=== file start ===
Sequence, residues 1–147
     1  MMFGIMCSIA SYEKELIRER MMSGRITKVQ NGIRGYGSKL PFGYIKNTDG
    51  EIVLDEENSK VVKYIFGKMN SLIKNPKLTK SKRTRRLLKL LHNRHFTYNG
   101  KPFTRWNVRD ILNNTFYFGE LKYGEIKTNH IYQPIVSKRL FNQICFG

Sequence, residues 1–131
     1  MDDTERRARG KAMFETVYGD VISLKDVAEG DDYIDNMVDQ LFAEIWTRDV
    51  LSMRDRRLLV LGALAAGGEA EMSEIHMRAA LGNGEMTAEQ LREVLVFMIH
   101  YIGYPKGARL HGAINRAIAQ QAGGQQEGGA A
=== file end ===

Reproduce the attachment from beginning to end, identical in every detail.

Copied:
Sequence, residues 1–147
     1  MMFGIMCSIA SYEKELIRER MMSGRITKVQ NGIRGYGSKL PFGYIKNTDG
    51  EIVLDEENSK VVKYIFGKMN SLIKNPKLTK SKRTRRLLKL LHNRHFTYNG
   101  KPFTRWNVRD ILNNTFYFGE LKYGEIKTNH IYQPIVSKRL FNQICFG

Sequence, residues 1–131
     1  MDDTERRARG KAMFETVYGD VISLKDVAEG DDYIDNMVDQ LFAEIWTRDV
    51  LSMRDRRLLV LGALAAGGEA EMSEIHMRAA LGNGEMTAEQ LREVLVFMIH
   101  YIGYPKGARL HGAINRAIAQ QAGGQQEGGA A